Inner  Frontier
Fourth Way Spiritual Practice


Inner Work

For week of May 2, 2016

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Awakened Presence

(Modes of Presence 5)

There is a simple version of awakening, one comes to us more often than we might think. One moment we are lost in thoughts or a TV show or whatever, and the next moment here we are, as ourselves, in ourselves, aware of body, mind, heart, and surroundings. This is not our grand image of Awakening, seeing the angels in heaven. Rather it is an almost ordinary experience of suddenly, inexplicably, without any intention or action on our part, coming back to ourselves, to being ourselves. The sense that this is almost ordinary lulls us into discounting the significance of such moments, with the result that too often we let these awakenings pass, while we quickly fall back into half-awareness.

Awakened Presence may be triggered by some random impression from our surroundings, or by some not so random impression, such as viewing a great work of art, hearing music that reaches into us, seeing a beautiful scene in nature, coming into contact with an inspiring person or someone we love. There are also the presence triggers that we intentionally develop. And sometimes there may not be any apparent trigger: out of the blue we just come back into ourselves.

In any case, here we are, more awake than we were just a moment ago. We can, and usually do, just enjoy it, relishing the luster it reveals in our life. Then we coast on that enjoyment, but not without a consequence: we let this sudden presence dissipate and dissolve.

That happens because we may not recognize the moment of presence for what it is and do not realize that we could intentionally strengthen and sustain it. Or we do recognize the moment for what it is, and fail to make something of it. If we do recognize the awakening when it comes and if we do so choose, we can step into this unintentional, momentary awakening, and transform it into intentionally active or sustaining presence, thereby stretching the duration of our presence. The awakening comes as a gift and an opportunity. Our inner work is to put it to good use by extending and deepening our awakened presence.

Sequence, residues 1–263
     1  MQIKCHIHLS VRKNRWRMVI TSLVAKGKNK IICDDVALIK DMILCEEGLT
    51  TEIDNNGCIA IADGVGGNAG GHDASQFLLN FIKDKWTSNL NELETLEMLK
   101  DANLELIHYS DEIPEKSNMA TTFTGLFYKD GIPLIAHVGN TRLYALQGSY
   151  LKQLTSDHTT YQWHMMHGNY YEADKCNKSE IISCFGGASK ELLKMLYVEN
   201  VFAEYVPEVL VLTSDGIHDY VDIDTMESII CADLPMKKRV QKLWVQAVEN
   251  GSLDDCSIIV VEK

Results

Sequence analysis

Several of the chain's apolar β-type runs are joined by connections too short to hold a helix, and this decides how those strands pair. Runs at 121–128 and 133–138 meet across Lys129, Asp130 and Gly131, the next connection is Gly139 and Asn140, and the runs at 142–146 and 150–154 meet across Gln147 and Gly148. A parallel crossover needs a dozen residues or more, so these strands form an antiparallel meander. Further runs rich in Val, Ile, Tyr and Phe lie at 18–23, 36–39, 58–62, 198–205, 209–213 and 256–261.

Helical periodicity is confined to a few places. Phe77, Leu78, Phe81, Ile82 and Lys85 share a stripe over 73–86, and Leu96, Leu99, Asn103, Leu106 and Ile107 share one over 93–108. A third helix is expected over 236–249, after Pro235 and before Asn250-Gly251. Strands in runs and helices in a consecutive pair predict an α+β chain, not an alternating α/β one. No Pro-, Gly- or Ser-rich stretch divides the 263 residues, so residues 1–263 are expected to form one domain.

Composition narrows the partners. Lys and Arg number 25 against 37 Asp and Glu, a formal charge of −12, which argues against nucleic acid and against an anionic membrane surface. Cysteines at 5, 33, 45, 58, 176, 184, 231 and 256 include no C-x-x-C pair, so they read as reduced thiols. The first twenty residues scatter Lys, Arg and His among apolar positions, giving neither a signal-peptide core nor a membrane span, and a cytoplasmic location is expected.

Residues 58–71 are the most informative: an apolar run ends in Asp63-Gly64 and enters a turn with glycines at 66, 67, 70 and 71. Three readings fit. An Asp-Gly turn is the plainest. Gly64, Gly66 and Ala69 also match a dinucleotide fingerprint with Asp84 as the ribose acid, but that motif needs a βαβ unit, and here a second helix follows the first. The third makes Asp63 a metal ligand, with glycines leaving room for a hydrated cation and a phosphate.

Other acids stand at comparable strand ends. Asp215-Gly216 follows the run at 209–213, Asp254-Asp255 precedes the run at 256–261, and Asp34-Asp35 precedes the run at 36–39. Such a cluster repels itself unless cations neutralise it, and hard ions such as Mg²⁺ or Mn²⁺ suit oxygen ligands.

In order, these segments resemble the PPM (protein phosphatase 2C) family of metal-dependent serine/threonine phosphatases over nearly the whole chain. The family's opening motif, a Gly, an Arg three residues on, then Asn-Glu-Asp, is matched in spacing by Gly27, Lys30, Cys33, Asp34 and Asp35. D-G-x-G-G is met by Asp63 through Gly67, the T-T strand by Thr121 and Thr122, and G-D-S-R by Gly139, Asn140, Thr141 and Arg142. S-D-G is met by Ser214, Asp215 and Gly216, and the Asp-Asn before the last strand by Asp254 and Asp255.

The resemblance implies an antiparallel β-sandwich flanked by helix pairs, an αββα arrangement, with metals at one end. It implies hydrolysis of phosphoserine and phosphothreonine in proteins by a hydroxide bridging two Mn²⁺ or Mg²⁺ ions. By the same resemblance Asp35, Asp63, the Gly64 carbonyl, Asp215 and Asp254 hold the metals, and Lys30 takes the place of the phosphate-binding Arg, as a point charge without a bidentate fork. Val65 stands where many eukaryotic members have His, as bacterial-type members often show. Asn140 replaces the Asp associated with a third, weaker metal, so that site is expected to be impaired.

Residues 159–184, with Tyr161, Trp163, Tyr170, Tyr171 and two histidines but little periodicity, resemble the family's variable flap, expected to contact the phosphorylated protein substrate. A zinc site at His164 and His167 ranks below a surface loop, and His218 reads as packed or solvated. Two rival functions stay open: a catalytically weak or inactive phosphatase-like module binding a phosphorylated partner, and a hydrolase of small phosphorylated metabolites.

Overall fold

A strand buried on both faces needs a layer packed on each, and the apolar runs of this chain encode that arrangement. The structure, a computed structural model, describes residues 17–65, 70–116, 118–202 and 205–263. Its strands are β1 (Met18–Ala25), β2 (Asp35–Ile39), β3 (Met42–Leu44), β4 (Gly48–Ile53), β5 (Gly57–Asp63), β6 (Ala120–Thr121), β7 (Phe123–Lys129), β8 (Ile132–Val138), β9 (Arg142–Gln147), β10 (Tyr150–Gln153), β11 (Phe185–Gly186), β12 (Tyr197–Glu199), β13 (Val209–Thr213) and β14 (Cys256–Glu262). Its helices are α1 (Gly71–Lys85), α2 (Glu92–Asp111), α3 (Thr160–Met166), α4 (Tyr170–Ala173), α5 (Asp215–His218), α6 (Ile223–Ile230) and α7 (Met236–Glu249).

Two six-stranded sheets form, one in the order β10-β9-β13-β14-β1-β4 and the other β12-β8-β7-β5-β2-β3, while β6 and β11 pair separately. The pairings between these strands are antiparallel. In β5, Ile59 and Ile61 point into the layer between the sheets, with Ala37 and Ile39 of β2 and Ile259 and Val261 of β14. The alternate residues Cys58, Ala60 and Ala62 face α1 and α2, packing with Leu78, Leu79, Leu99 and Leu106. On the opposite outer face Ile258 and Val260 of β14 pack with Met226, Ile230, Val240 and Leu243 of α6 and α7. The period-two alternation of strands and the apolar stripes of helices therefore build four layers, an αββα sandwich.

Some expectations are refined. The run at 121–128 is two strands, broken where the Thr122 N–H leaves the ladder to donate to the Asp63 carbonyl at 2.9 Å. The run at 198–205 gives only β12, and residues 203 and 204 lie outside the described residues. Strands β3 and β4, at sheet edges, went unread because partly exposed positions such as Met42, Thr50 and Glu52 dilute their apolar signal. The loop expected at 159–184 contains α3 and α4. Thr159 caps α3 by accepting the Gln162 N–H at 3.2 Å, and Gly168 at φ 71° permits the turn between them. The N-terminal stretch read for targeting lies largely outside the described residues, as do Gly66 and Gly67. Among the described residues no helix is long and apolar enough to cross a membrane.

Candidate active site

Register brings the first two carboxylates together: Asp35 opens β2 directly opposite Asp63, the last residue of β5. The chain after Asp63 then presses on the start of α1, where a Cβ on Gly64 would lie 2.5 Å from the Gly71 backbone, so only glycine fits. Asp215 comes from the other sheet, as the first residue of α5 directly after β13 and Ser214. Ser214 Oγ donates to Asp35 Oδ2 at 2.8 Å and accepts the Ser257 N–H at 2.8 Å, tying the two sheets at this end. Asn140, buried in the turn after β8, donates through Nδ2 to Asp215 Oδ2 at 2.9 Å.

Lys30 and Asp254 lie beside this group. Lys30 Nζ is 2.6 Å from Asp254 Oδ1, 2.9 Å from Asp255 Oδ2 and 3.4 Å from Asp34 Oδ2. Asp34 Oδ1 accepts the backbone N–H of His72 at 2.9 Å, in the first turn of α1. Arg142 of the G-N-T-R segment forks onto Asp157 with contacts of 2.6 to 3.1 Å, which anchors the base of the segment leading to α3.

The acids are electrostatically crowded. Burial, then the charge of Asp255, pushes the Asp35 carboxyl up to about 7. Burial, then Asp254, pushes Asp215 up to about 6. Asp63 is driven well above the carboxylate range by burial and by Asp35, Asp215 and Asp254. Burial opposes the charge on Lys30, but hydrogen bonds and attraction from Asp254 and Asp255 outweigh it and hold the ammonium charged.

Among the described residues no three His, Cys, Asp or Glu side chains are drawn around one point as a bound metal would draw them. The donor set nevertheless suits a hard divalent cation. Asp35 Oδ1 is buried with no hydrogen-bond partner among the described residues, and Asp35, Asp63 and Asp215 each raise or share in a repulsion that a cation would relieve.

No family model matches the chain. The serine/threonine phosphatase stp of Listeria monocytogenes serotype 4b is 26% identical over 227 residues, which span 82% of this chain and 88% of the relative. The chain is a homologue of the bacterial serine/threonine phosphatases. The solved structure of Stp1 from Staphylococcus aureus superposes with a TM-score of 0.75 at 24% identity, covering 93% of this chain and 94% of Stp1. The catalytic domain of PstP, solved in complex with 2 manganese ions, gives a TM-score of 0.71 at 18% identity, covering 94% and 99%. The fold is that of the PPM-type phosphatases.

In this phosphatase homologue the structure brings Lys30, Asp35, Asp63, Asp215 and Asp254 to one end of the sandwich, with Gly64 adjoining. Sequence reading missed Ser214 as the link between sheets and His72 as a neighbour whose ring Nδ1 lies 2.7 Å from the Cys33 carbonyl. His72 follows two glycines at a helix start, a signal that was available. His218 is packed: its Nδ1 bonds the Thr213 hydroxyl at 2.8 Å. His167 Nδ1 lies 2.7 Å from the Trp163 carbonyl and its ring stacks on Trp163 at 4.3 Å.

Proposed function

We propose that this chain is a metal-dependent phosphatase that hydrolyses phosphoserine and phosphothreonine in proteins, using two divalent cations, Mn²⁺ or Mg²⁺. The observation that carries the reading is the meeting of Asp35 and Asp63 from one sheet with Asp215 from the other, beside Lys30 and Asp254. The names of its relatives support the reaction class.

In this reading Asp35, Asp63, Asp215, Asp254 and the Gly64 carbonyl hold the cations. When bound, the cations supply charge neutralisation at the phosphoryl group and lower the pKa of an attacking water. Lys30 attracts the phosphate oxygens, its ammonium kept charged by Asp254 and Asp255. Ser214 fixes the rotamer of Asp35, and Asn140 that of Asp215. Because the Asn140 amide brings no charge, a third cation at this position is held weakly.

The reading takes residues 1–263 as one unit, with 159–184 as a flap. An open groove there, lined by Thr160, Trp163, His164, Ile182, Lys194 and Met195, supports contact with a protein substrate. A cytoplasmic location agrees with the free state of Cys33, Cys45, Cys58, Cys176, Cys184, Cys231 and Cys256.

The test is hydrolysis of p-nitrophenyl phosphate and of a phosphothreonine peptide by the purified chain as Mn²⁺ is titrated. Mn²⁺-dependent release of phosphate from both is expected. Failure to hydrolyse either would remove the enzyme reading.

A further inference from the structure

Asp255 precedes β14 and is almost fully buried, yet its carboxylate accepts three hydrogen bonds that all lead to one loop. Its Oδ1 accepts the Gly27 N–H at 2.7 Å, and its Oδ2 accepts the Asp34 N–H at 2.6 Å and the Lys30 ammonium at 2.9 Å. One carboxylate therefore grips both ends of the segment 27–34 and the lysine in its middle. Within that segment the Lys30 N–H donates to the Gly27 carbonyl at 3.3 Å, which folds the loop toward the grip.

For that, we use the methods of presence, such as sensing our body, feeling our emotional state, being cognizant of our mind and other perceptions, not-identifying with any of that, and being ourselves, the one who is here seeing what we see and doing what we do.

This unbidden, random awakening raises us temporarily out of our state of half-awareness, and suddenly here we are. Being here again is not ordinary, but does seem normal. It is normal, or should be normal, because that state of full awareness and being the one who is aware is the fully human state. It also seems normal because it is timeless. So that when we are relatively present, it seems like we have always been this way. And when we are our in ordinary state of non-presence, we do not notice how we are. This leads to the illusion that we are always present. If only.

Our work for this week then, is to notice when we do awaken, to realize that moment of awakening for the gift and opportunity that it is, to realize that it is not our ordinary state, and to value it accordingly. Instead of being half-alive, we are fully alive, at least for that moment. And then once we have noticed and valued our moment of presence, we make something of it, not let it, not let ourselves, slip away so easily. We work to stay present, to extend and deepen our presence. We rise into life and we stay alive. Inevitably, we do slip back. But just as inevitably, another opportunity will arise.


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